Wait, This New Cate Blanchett and Rooney Mara Movie Is NOT a “Carol” Sequel?

Moments ago, I opened Twitter and saw a few photos of Carol (2015) on my timeline, which is normal; and then I saw a few more photos of Carol (2015) on my timeline, which is also normal; and then I saw a few more photos of Carol (2015) on my timeline, which: again, normal. I mean obviously it was Carol. It’s Rooney Mara and Cate Blanchett in the snow and Cate’s got that Carol hair and the cigarette and the gloves, of all things, and Rooney’s looking at her like she’s afraid she’s about to get murdered and also like Cate hung the literal moon in the sky, and in at least one of the photos, Cate’s making that “we’re not ugly people, Harge” face. But then, I noticed that it seems like Therese is wearing Carol’s coat. And Therese’s hair is longer; a lot longer. And, like, why do these camera angles look unfamiliar to me, a person who has seen Carol no less than one hundred thousand times.

“Oh my god!” I screeched, out loud, springing from my chair and sending my cats flying in all directions, “IT’S A CAROL SEQUEL!”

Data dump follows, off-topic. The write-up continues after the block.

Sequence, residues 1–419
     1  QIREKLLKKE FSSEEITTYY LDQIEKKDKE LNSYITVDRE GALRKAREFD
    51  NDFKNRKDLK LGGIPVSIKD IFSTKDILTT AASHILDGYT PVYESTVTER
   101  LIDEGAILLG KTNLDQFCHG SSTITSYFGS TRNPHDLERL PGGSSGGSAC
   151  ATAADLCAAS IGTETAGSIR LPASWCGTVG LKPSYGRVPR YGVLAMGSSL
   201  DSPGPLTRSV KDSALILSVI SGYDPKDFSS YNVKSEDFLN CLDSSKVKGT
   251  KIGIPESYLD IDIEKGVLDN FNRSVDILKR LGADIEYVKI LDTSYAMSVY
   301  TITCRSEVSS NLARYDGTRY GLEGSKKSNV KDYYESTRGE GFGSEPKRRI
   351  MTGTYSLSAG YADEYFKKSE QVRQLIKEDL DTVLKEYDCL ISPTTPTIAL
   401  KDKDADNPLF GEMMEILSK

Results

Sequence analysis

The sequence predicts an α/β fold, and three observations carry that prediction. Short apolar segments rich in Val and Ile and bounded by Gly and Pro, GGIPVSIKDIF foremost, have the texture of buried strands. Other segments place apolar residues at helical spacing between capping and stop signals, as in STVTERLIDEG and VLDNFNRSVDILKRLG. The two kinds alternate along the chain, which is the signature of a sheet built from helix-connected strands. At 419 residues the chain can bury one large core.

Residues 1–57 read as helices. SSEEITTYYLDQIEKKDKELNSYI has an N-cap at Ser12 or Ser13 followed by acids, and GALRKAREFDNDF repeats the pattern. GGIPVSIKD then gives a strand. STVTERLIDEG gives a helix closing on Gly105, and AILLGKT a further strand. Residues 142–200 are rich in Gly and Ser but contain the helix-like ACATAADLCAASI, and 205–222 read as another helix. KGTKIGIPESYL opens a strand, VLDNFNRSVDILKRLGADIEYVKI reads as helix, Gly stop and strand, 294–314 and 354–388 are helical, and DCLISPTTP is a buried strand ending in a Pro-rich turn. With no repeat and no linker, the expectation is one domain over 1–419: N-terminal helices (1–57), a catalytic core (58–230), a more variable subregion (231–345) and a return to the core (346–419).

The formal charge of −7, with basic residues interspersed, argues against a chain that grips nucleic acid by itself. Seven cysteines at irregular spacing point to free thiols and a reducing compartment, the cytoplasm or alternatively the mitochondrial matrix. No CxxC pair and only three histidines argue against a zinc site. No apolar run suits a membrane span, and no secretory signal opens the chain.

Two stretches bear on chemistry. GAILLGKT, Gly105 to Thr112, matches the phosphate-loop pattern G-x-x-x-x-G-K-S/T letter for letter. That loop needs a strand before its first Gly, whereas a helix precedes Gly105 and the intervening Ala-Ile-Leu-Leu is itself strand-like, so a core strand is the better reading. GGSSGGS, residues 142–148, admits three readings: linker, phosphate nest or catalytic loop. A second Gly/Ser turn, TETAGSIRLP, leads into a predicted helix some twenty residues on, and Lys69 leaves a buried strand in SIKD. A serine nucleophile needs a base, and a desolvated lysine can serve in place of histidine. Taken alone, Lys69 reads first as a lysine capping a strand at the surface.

But then I read the captions of the tweets and no? It’s not a sequel? Rooney Mara and Cate Blanchett are wearing the exact same clothes from Carol and standing very close and intensely next to each other for a whole other movie? It is Guillermo del Toro’s remake of the 1947 film noir Nightmare Alley, which, according to the plot summary I just read on Wikipedia, is literally Pretty Little Liars.

Well, that’s that. The best movie of 2020.

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Heather Hogan

Heather Hogan is an Autostraddle senior editor who lives in New York City with her wife, Stacy, and their cackle of rescued pets. She's a member of the Television Critics Association, GALECA: The Society of LGBTQ Entertainment Critics, and a Rotten Tomatoes Tomatometer critic. You can also find her on Twitter and Instagram.

Heather has written 1719 articles for us.


  1. This movie could open with a title card saying that nothing romantic will happen between Blanchet and Rooney’s characters and every scene they have together would still feel like queer bait.

    • Outstanding. I agree.
      Although, to be fair, so few films pass the Bechdel test, and I am so starved of queer content/only ever really watch queer romantic films (I’m not sure which it is tbh) that any time two women are talking to each other in a film I expect them to kiss. In the end.
      And I’m very disappointed when they don’t.

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